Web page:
3. The bill authorizes a legislative study to review a federal option called categorical eligibility, which allows some North Carolina families with modest assets and low incomes—but high expenses such as child care, rent, and utilities—to be eligible for federally-funded food benefits. This policy makes sense because it enhances efficiency, saves North Carolina money, and helps at least 22,000 low-income people become eligible for food aid. Eliminating categorical eligibility, as the original bill would have done, is a substantial policy change that requires significant study. As such, the bill sponsor was wise to convert this provision into a study.

Let’s hope that the study committee reviews the compelling body of evidence demonstrating the harsh impact such a change would have on families, the operations of social service offices, and the broader local economy.

In general, the bill continues a shift in state policy designed to eliminate and/or limit public assistance and eligibility to the minimum level that is allowed. Lawmakers axed a modest but vital working family tax credit, drastically cut jobless benefits, required drug testing for some recipients of cash assistance, banned state waivers from the harsh SNAP time limit, and now again have their sights set on scaling back food assistance.

It is important for lawmakers to pivot and focus just as much attention as they have had on dismantling the safety net to growing jobs, ensuring that adults have access to jobs that pay enough to afford the basics, and investing state money into job training programs that can help these jobless workers regain their footing on the economic ladder.

NC Budget and Tax Center

Tax swap likely to create more problems than solutions

State leaders are on a relentless pursuit to radically change the state’s tax system to rely more and more on the sales tax, while working to eliminate the income tax. This tax swap is necessary, they say, to address the volatile nature of the income tax. What it means is that there will be a heavier tax load for middle and low income North Carolinians.

This is an approach to taxation that will likely create more problems than solutions.

Volatility refers to how the level of revenue collections is affected by what’s going on in the economy. Good economic times mean higher levels of overall tax revenue, while economic downturns typically result in state revenues plummeting. The strength of revenue collections, however, can be a product of both the business cycle and the design of the tax system. North Carolina’s current tax code is underperforming historic growth rates (see Gov.’s FY17 budget, Page 33), which could be a result of tax changes passed in recent years that have resulted in a flat income tax, for example.

A report by the Center on Budget & Policy Priorities highlights reasons that a tax swap—greater reliance on sales tax and less on income tax—will not only fail to address volatility concerns but also can generate additional problems.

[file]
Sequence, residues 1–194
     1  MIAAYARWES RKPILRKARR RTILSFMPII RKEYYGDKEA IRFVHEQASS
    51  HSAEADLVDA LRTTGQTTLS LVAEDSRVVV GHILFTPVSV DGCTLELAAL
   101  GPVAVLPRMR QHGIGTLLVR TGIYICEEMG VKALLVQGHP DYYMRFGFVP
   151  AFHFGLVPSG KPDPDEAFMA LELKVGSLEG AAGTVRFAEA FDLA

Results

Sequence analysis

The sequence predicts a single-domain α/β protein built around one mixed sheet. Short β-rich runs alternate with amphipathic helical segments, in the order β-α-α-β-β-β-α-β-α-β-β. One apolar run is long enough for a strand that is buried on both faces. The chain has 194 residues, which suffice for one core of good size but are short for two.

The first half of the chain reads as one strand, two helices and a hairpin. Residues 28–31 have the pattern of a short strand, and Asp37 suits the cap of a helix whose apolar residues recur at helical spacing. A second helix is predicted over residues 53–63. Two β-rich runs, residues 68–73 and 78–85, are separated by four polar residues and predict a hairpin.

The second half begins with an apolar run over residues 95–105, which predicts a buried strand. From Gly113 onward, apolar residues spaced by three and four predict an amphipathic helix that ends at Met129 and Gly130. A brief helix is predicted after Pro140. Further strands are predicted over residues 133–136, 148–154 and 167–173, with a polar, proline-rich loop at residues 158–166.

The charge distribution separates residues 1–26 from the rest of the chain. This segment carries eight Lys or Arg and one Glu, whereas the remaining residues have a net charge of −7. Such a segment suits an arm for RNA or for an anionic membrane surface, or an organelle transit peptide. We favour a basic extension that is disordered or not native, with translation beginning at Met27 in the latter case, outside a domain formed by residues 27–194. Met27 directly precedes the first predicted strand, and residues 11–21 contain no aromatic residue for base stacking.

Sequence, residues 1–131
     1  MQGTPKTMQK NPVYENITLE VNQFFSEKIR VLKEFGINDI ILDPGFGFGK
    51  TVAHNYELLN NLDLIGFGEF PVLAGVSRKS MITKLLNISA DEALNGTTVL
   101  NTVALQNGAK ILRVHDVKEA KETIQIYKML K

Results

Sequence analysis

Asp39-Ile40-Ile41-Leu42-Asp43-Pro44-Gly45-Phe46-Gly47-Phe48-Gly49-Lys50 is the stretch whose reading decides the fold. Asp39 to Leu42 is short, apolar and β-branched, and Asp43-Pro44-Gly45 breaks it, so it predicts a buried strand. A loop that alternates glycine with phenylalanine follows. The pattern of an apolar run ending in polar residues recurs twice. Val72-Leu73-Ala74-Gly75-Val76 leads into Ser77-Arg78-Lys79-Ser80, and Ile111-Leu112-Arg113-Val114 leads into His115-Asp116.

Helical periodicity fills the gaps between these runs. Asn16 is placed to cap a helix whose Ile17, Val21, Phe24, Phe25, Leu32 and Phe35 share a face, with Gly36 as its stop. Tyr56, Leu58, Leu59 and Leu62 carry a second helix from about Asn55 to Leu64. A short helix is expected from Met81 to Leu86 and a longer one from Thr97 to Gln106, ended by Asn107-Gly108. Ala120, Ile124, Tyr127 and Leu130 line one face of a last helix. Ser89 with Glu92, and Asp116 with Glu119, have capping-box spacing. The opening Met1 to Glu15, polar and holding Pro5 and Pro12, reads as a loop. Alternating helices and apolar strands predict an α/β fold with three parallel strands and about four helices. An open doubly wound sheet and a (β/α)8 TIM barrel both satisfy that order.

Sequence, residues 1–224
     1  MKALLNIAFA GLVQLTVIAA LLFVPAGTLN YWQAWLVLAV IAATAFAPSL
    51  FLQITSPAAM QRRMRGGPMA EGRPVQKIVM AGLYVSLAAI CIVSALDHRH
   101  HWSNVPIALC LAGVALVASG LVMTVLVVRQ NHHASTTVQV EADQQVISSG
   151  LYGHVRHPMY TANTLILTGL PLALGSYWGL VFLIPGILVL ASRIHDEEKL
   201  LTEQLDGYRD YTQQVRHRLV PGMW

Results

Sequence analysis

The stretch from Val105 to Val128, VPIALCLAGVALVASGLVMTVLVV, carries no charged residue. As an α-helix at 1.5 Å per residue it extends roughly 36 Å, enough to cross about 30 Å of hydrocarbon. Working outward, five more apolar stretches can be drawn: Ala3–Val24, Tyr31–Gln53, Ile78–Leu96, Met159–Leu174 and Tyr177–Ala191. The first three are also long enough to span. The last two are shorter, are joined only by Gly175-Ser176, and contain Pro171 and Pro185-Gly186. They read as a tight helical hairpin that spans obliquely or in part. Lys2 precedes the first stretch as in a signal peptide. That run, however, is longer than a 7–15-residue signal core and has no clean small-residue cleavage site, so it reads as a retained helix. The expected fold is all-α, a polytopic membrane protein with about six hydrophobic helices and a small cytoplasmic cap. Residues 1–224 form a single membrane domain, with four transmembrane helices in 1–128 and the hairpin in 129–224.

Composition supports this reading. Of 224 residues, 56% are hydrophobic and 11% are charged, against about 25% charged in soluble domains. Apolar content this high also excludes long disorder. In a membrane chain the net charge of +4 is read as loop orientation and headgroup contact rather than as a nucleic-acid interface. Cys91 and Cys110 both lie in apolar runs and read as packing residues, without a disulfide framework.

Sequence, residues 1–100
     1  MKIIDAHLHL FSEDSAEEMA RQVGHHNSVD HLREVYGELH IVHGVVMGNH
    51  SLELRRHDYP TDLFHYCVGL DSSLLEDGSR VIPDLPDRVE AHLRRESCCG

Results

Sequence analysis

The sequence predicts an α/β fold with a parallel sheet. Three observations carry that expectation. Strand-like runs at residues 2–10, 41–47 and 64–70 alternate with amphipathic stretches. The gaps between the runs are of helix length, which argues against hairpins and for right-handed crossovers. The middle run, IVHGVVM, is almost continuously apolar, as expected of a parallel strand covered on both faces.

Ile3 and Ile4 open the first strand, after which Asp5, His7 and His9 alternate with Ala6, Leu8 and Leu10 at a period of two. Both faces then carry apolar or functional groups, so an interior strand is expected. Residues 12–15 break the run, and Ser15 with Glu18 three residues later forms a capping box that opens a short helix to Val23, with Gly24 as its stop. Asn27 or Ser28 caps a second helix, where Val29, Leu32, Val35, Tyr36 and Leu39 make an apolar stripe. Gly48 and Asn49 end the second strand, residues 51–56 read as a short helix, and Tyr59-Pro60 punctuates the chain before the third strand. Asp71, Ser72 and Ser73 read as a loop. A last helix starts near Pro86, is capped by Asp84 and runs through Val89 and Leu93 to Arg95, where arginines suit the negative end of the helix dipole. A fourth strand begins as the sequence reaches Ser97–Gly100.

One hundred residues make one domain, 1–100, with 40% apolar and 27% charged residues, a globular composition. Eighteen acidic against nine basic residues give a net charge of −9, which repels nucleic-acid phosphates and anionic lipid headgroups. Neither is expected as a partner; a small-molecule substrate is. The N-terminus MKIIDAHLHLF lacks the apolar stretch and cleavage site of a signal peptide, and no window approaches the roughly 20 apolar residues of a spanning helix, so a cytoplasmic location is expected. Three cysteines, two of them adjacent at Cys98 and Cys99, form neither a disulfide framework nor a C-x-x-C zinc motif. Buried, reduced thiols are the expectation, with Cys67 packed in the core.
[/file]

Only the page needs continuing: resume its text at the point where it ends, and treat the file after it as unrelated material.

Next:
• Virtually all state taxes are volatile, albeit to varying degrees. Most major state taxes, including the sales tax, are subject to ups and downs with the economy. Indeed, under some circumstances, sales taxes can decline faster in recessions than income taxes.
  • While income taxes typically fall more steeply than sales taxes when the economy enters a recession, the reverse is also true:  income taxes rise more rapidly than sales taxes during periods of economic growth. Taking both periods of growth and decline together, only income taxes increase enough to fund normal expenditure growth and meet the evolving needs of residents and businesses. Sales taxes do not.
  • Eliminating the income tax won’t protect North Carolina from revenue losses in downturns. States without income taxes—Florida and Nevada for example—were among the hardest hit in the Great Recession. Most experts recommend a balance across various sources of revenue to offset the competing sensitivities and contributions that each can make to a revenue system seeking to achieve stability, equity and long-term adequacy.

Most fundamentally, North Carolina Senators proposal to eliminate the income tax would require policymakers to find other sources for more than half of the revenue that the state currently collects. A proposal that will likely lead to further erosion in the state’s commitment to public investments that help families, seniors and communities thrive.

Moreover, it is a solution that is unnecessary given the better tool of a Rainy Day Fund to address volatility—one that state leaders have committed to aggressively.  And while the timing and pace of state leaders’ contribution to the Rainy Day Fund now raises concern, it is clear that a responsible Rainy Day Fund policy, relying on a mix of state taxes that include an income tax and not restricting tools to generate revenue at the local level, are ways that can help address and manage volatility.

Shifting to greater reliance on the sales tax and eliminating the income tax will not give North Carolina the flexibility it needs to change with the ebb and flow of the economy. It will only shift the tax load and undercut the state’s tax code’s ability to achieve a core responsibility of funding the services that support thriving communities.